A mum was left looking like a "Halloween monster" after a vicious attack by the man she thought she was in love with.
Zoe Johnstone was left with a multiple injuries after a shocking onslaught in her own bed by her drunken brute of a partner.
Lewis Harding rained blow after blow - she thought it could have been as many as 30 - on terrified Zoe, breaking her jaw and leaving her battered and bruised.
A court heard their two young children were left distraught by her badly injured appearance after the attack.
Harding, 30, of Scoular Drive, North Seaton, Ashington, Northumberland, was originally charged with inflicting GBH but prosecutors accepted his guilty plea to the less offence of assault occasioning actual bodily harm and he has now walked free from court on a suspended prison sentence.
The court heard the couple had been in a volatile on-off relationship and police had been called out before for domestic issues, although Harding has no previous convictions.
On July 4 last year they went out drinking in Ashington, separately with their respective friends, then headed to Morpeth for a meal around 6.30pm.
But Harding made it clear he didn't want to be there and wanted to drink more rather than eat.
He knocked lager over Zoe, which he said was accidental but she thought was deliberate, and refused to look at the menu, before eventually leaving the restaurant.
She followed him and they ended up back at the pub, after she went home to get changed out of her lager-soaked clothes.
Later that night, Zoe got home to find Harding asleep outside.
In the early hours, he went inside and she told him to go downstairs or into another bedroom, but he ignored her.
Michael Cahill, prosecuting, said: "He climbed into bed over the top of her and she shouted at him to get out.
"He used his open palm to hit her in the face, hitting her nose.
"He then sat up and used his fist to punch her in the face. This made her fall out of bed and land on the floor.
"He punched her multiple times to the head and upper body and she tried to protect her face with her arms."
Zoe brought the onslaught to an end by squeezing his genitals hard.
She then went to call 999 and he punched her in the throat, called her a "f****** psycho" and pushed her head into a wall.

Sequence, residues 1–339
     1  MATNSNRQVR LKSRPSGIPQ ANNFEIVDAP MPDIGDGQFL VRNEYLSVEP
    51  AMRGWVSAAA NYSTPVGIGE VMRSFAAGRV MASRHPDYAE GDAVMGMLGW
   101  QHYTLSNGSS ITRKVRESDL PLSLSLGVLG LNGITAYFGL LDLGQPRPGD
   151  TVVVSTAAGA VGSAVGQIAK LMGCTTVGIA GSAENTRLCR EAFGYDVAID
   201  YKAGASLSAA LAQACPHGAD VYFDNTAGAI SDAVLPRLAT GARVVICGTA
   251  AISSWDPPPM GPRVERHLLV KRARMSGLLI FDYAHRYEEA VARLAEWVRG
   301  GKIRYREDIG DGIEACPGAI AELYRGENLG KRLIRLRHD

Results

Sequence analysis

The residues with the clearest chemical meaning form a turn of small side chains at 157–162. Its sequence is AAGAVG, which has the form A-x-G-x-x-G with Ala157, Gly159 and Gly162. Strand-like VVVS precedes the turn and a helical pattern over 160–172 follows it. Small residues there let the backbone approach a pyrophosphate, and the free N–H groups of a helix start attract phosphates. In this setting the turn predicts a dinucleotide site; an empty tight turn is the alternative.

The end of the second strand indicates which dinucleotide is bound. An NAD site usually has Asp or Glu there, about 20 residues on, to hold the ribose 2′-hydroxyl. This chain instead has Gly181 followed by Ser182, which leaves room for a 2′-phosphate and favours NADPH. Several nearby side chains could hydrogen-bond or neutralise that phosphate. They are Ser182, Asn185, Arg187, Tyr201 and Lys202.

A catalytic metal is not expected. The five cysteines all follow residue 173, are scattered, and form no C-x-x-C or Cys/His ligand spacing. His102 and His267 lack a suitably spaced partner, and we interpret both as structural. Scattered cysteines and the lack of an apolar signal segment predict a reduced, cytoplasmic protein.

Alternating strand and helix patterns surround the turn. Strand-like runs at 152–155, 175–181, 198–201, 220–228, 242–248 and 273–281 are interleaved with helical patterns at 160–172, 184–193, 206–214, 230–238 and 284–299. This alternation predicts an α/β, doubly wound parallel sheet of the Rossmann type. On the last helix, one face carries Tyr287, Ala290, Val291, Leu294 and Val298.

When police went to arrest Harding at his mum's home, he was found trying to hide in a shower cubicle.
He initially said Zoe was the aggressor but was shocked when shown the pictures of her injuries and admitted he had gone too far.
He admitted hitting her numerous times but disputed her estimate of 30.
Zoe suffered a fractured jaw, which resulted in her having to eat soft food for six weeks and continues to not be aligned properly. She also had bruising and swelling to her face and arms, bleeding behind her eye, a broken tooth, grazes to her elbow and a bump on her head.
She said in a victim impact statement that while she went to hospital the next day in agony, Harding was laughing about it with their mutual friends and branding her a psycho.
She added: "This was supposed to be someone I loved, that was meant to love me.
"I had forgiven him in the past for attacking me and ended a previous court case.
"He didn't care what injury he caused me, he tucked himself into bed ready for socialising later that day."
Recalling the violence, Zoe said: "It was multiple aggressive punches.
"He didn't care my family or young children had to see me looking like that.
"I want him to know how distraught our four and six year old children were to see their mummy looking like a Halloween monster."
Zoe acknowledged that Harding had continued to be a good dad to the youngsters.
He was sentenced to two years suspended for two years with 200 hours unpaid work, an indefinite restraining order and must complete a building better relationships programme.
Recorder Tahir Khan QC said it was a "serious assault carried out in the family home where she was entitled to feel safe" and had left her traumatised.
But he added that Harding did not pose a danger to the public, his risk of re-offending is low, there's a realistic possibility of rehabilitation and locking him up would deprive his children of his financial support from working.
Tony Davis, defending, said Harding had expressed "real remorse".
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